Editor's Note: Journalist and crew member Kathryn Eident and scientist Jeremy Jacquot are traveling on board the RV Atlantis on a monthlong voyage to sample and study nitrogen fixation in the eastern tropical Pacific Ocean, among other research projects. This is the sixth blog post detailing this ongoing voyage of discovery for ScientificAmerican.com.

Imagine you’re in space, floating high above the Earth. Picture the world’s oceans, glimmering sapphire under the heat of the sun and the protection of the ozone layer. Look closer, there’s a patch of brown in the middle of all that blue. It’s a bloom of phytoplankton called Trichodesmium, a “world famous” nitrogen fixer.

Shaped like pieces of human hair or filament, tricho floats on the ocean’s surface in huge brownish patches called colonies, which are sometimes large enough to be seen by satellites in space. Their slender shape has earned these multicellular, photosynthesizing creatures the nickname, “saw dust of the sea.”

Trichodesmium, a genus of cyanobacteria, packs a lot of punch in the nitrogen fixation world; in fact, they’re one of the most well-known nitrogen fixers. They have a special enzyme, called nitrogenase, to break gaseous nitrogen’s tough triple bond and convert it into a form other creatures can use. They’re often found in low-nutrient waters like the Gulf of Mexico, making them an important part of the food chain, too.

While Chief Scientist Doug Capone (U.S.C.) is considered an expert on this organism, he and his colleagues admit there is much to be learned about Trichodesmium. On this voyage, Capone has brought researchers from his lab, like PhD student Laila Barada, to measure how much nitrogen the organisms fix, and study what nutrients they respond to.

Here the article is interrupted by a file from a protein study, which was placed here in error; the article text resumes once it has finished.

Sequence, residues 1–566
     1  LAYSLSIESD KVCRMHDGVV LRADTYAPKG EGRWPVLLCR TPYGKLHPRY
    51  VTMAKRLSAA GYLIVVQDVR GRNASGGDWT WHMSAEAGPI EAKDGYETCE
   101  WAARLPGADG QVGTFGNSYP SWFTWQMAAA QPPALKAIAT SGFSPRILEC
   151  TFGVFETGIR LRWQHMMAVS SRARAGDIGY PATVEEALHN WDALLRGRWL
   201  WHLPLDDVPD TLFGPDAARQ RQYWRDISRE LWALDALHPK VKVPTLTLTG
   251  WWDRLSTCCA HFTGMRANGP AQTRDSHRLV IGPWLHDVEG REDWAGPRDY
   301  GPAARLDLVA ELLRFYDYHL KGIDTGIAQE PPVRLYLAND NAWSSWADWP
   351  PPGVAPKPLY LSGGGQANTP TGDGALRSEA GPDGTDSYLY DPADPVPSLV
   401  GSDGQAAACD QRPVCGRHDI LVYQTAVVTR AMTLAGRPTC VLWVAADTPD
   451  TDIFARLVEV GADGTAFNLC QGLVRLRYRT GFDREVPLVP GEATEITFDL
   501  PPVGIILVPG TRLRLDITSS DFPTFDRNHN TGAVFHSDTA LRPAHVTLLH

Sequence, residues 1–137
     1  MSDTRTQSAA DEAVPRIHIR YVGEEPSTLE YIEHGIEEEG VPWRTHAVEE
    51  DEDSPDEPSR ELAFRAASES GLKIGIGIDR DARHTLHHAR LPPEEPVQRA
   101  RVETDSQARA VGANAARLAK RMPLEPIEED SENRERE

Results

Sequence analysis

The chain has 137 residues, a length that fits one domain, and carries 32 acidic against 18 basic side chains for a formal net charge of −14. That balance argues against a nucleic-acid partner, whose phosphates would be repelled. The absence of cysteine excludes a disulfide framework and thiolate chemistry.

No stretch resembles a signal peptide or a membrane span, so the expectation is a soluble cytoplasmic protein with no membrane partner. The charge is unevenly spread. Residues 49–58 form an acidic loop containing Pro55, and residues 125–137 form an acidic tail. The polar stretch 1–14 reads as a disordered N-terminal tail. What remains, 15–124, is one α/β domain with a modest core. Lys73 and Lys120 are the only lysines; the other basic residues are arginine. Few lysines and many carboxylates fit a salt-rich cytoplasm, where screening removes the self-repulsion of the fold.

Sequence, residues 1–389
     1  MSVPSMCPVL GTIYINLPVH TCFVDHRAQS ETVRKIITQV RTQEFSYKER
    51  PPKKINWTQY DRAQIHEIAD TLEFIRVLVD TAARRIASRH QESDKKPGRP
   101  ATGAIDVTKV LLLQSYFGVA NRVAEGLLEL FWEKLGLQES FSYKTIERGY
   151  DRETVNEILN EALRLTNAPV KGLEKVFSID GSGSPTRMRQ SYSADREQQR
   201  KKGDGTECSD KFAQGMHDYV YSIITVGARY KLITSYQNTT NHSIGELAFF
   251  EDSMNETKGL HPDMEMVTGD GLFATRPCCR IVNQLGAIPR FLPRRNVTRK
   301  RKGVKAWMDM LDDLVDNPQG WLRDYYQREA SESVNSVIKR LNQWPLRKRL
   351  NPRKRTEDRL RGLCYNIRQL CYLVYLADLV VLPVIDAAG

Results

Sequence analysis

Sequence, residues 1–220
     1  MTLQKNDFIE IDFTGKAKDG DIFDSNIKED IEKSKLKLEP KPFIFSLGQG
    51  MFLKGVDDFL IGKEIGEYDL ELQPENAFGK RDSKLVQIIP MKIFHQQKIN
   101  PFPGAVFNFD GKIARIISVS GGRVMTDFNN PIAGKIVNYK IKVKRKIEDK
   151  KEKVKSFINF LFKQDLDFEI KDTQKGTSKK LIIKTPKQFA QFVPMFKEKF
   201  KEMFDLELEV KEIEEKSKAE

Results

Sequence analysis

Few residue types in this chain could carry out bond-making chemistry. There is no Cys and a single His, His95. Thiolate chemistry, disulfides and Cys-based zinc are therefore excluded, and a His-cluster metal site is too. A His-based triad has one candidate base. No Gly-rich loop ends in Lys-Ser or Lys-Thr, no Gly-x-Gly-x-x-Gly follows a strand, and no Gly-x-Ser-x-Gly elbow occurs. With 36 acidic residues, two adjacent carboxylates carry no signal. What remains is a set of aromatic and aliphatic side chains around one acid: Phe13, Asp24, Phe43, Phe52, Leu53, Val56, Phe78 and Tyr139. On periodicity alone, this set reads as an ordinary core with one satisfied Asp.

“Tricho are very under-studied in this area,” Barada said. “What’s nice about finding it is that we haven’t found it here before.”

Barada and fellow PhD student, Amanda Liss, collect tricho by dragging a conically-shaped net behind the ship at various times of the day. Together with lab manager Brian Wilson (Eric Webb lab, U.S.C.), they carefully extract all the phytoplankton they’ve caught, pouring it into small bottles and looking for Trichodesmium by gently combing through the biomass.

Once they’ve separated all the tricho, Barada takes some of it inside where she does an experiment, called an acetylene reduction assay, that will help her measure nitrogen fixation. Since measuring actual nitrogen fixation is very difficult, she’ll use acetylene gas, which, like nitrogen, is a gas with a triple bond. The tricho will respond to it much like they would nitrogen gas, only this time they’ll produce ethylene, which is easier for Barada to measure. With her ethylene measurements, Barada can then interpolate how much nitrogen each organism might fix.

Wilson, meanwhile, takes a portion of the Trichodesmium they’ve gathered and takes it to his “dark room” to examine under a microscope. His job is to try and identify, among other phytoplankton species, all the tricho, and catalog it for the growing database.

Situated in the ship’s office, Wilson works at a small desk rigged with a microscope, lighting and a camera to photograph various specimen. His small workspace is further closed in by heavy blue curtains, hung to block out unnecessary light.

Once they get home, both Wilson and Barada’s labs will conduct DNA and RNA tests on the tricho to identify various Trichodesmium species, and to see if the organisms have fixed nitrogen recently.

Barada, Liss and Wilson have not found many tricho while on this voyage in the Eastern Tropical South Pacific, but they are not discouraged. There are simply too many variables—like weather, water temperature, and nutrient availability—and too little data to conclude that Trichodesmium can’t be found in abundance here, Barada said.

“It doesn’t mean it’s the standard,” Barada said. “We don’t know what’s going to happen next week.”

The tricho they’ve found and the data they’re collecting is helping to form a baseline of information on this organism, and also help scientists better understand nitrogen fixation.

Images: (1) Image of Trichodesmium under the microscope taken by Brian Wilson (U.S.C.). (2) Brian Wilson, Laila Barada and Amanda Liss search for Trichodesmium after a net tow.